Abstract [en]

    A new notostracan crustacean, Strudops goldenbergi gen. et sp. nov., is described from the well-preserved terrestrial arthropod fauna of the Upper Devonian of Strud, Belgium. The fossil notostracan bears a close resemblance to modern notostracans in possessing a large, simple head shield covering almost half of the whole body, a set of phyllopodous thoracic appendages and a legless posterior abdomen with a telson bearing a caudal furca. The differentiation and relative size of mouthparts and limbs suggest that these specimens are all adults. The notostracans described herein are the earliest clear members of the total group Notostraca.

  • 10. Lagebro, Linda
    et al.
    Stein, Martin
    Uppsala University, Disciplinary Domain of Science and Technology, Earth Sciences, Department of Earth Sciences.
    Peel, John S.
    A new arthropod from the early Cambrian Sirius Passet Fauna of North GreenlandManuscript (Other academic)
  • 11.
    Lamsdell, James C.
    et al.
    West Virginia Univ, Dept Geol & Geog, 98 Beechurst Ave, Morgantown, WV 26505 USA.
    Lagebro, Linda
    Uppsala University, Disciplinary Domain of Science and Technology, Earth Sciences, Department of Earth Sciences, Palaeobiology.
    Edgecombe, Gregory D.
    Nat Hist Museum, Dept Earth Sci, Cromwell Rd, London SW7 5BD, England.
    Budd, Graham
    Uppsala University, Disciplinary Domain of Science and Technology, Earth Sciences, Department of Earth Sciences, Palaeobiology.
    Gueriau, Pierre
    Univ Lausanne, Inst Earth Sci, Geopolis, CH-1015 Lausanne, Switzerland.
    Stylonurine eurypterids from the Strud locality (Upper Devonian, Belgium): new insights into the ecology of freshwater sea scorpions2019In: Geological Magazine, ISSN 0016-7568, E-ISSN 1469-5081, Vol. 156, no 10, p. 1708-1714Article in journal (Refereed)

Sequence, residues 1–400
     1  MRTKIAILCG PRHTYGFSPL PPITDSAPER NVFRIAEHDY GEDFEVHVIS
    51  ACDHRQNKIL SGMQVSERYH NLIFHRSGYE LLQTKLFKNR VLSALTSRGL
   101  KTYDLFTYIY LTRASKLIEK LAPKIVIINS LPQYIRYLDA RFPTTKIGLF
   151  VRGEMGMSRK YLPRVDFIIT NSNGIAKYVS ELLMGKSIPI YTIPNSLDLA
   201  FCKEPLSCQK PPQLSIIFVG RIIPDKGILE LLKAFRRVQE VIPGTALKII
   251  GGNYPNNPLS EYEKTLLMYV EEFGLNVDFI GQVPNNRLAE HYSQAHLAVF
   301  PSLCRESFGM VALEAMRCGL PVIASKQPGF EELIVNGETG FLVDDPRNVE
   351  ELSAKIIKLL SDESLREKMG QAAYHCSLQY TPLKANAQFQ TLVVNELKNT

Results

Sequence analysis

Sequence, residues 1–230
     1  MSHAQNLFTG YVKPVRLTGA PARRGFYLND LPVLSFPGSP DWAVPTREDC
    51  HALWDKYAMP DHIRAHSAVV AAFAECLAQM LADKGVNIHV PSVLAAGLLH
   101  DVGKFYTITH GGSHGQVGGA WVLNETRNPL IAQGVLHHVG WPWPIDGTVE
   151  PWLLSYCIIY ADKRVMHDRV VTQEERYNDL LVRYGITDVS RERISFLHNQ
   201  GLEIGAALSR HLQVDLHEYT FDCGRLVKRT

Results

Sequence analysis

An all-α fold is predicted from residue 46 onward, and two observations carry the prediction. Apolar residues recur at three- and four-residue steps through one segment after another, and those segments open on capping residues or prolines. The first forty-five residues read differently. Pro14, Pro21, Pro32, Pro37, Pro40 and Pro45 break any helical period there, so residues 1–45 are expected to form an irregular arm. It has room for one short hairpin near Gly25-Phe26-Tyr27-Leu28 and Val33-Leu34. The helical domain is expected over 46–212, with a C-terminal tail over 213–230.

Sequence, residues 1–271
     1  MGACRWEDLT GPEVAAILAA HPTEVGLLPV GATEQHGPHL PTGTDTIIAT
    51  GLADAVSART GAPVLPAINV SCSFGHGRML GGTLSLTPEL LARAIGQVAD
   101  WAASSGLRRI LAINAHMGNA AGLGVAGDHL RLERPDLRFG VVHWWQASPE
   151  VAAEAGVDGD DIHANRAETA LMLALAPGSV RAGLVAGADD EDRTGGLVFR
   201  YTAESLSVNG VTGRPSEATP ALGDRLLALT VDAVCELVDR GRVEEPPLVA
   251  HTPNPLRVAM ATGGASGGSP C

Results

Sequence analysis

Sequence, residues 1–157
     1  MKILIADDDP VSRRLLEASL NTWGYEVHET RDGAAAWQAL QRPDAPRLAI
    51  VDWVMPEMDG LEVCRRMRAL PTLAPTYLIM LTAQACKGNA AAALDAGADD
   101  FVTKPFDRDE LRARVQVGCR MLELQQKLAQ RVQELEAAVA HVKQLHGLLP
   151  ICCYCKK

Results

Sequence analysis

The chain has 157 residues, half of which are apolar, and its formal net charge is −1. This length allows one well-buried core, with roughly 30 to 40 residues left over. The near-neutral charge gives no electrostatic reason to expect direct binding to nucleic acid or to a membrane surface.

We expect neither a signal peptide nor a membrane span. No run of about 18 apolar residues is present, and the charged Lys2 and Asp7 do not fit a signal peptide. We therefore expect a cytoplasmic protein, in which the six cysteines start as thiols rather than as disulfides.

Abstract [en]

    The Upper Famennian (Upper Devonian) Strud locality has yielded very abundant and diversified flora as well as vertebrate and arthropod faunas. The arthropod fauna, mostly recovered from fine shales deposited in a calm, confined floodplain habitat including temporary pools, has delivered a putative insect and various crustaceans including eumalacostracans and notostracan, spinicaudatan and anostracan branchiopods. Here we present the Strud eurypterids, consisting of semi-articulated juvenile specimens assigned to Hardieopteridae recovered from the pool and floodplain deposits, as well as larger isolated fragments of potential adults recovered from stratigraphically lower, coarser dark sandy layers indicative of a higher-energy fluvial environment. The Strud fossils strongly suggest that, as proposed for some Carboniferous eurypterids, juvenile freshwater eurypterids inhabited sheltered nursery pools and migrated to higher-energy river systems as they matured.

1 - 11 of 11